In “Time,” an awards contender in the documentary feature race, director Garrett Bradley follows the story of Fox Rich, an author, abolitionist and mother who spend two decades fighting for her husband Robert Richardson’s release from prison.
As Bradley was piecing Rich’s story together, she learned Rich had 100 hours of family footage. That footage would serve as the missing piece of the puzzle to tell the compelling story and would turn the short film into a feature-length story.
Editor Gabe Rhodes helped Bradley seamlessly tell a story through that time, straddling between past and present as she highlights not only Rich’s fight, but captures the elements of daily life. The story is woven together through that footage and Rich tells the story.
How did you hear about Fox and that story?
I never go into the world looking for stories, so I feel passionate about not thinking about people as subjects or the things we can witness.
All of the projects that I’ve made have been a part of my actual life. I met Fox in the process of making another film, “Alone.”
I had initially conceived of that as sort of being a sort of intergenerational space between women who were in incarcerated families, and thinking about the film as a place for the exchange of information between the families as a place of support.
I contacted an organization, Friends and Families of Louisiana’s Incarcerated Children. And Gina Womack, a co-founder, and director of the organization picked up the phone and said, “The first person that you have to speak with is Fox Rich.”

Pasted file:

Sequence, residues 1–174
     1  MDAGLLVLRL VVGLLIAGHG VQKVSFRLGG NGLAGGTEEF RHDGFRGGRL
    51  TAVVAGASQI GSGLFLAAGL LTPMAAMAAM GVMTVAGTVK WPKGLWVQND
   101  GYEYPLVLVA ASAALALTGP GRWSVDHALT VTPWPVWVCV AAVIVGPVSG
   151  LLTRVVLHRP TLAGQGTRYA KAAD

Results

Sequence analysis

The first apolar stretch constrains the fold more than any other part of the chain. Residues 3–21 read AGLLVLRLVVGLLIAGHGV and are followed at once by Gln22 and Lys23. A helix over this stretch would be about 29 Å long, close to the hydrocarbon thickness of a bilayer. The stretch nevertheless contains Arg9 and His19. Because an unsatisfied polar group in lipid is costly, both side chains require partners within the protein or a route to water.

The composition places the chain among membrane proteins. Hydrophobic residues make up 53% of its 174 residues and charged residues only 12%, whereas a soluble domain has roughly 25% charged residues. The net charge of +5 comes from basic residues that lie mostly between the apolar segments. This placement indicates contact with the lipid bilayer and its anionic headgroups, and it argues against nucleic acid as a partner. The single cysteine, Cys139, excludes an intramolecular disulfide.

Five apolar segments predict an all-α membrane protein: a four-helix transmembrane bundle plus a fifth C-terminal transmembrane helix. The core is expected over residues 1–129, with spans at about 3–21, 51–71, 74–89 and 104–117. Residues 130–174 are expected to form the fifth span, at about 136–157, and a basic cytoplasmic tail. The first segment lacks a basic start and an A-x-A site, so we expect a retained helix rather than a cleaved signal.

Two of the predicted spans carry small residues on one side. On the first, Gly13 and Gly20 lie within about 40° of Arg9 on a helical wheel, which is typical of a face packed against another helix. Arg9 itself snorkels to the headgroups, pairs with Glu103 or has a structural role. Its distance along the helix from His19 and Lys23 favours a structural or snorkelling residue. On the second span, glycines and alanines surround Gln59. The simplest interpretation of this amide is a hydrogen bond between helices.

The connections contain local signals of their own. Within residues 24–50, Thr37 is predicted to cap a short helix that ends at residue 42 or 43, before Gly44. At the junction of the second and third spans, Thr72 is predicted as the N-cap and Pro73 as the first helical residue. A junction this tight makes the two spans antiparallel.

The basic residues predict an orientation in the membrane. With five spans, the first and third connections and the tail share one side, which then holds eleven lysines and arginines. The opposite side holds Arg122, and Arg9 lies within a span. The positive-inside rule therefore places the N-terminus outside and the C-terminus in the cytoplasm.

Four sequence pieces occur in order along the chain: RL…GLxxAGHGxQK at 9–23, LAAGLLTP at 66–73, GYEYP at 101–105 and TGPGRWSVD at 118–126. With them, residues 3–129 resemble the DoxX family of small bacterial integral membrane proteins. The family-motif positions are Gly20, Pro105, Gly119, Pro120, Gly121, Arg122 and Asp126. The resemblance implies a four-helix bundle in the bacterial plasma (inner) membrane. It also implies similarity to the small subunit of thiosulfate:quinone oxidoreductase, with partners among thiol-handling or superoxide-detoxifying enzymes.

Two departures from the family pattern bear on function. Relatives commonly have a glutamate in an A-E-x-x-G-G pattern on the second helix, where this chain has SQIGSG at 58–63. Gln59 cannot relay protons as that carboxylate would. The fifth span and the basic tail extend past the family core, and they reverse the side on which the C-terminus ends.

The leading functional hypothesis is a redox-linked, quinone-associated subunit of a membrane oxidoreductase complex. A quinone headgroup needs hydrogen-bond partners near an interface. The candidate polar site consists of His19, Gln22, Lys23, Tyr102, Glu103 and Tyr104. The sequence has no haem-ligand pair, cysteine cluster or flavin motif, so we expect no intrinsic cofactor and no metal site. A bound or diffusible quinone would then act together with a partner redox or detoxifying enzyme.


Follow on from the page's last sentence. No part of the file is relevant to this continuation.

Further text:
The first thing I thought of was “How can I extend the conversation of incarceration from a Black feminist perspective and a familial perspective and effects of incarceration?”
Were you surprised at the footage Fox had?
She had about 100 hours. She had not looked at those tapes since the ‘90s. There are so many things I can tell you as a filmmaker.
What was it like for you as a filmmaker to go through that footage?
I remember having it in my car and shipping it out to the company that was going to transfer everything and being so nervous knowing that none of this was backed up at all.
I was anticipating the challenge of the footage that I already had as being one that did not, it was not achieving what a lot of my hopes were.
The archive, first and foremost, helped address that immediate challenge which was, our histories inform the present moment and form how we act and behave. How do you show that within the parameters of the medium? Myself and Gabe Rhodes, the film’s editor, through the archive footage, could see a true evolution and revolution that happened over 21 years.
The archives also have to fulfill a critical part of understanding that the armor was there and validate the story.
I thought the voiceover aspect was powerful as a mechanism for storytelling. Was that always the approach?
I remember Fox asking me quite a bit if I had titled the film. I thought it was crucial for those that we are journeying with in the process of the film, have a voice and to articulate in their own words, what time was to them.
You use music throughout the documentary and it’s beneath everything. How did that come into play?
I had Éthiopiques playlists already. I fell in love with it right away. The score was composed by Jamison Shaw and Edwin Montgomery, and I fell it live with their work immediately.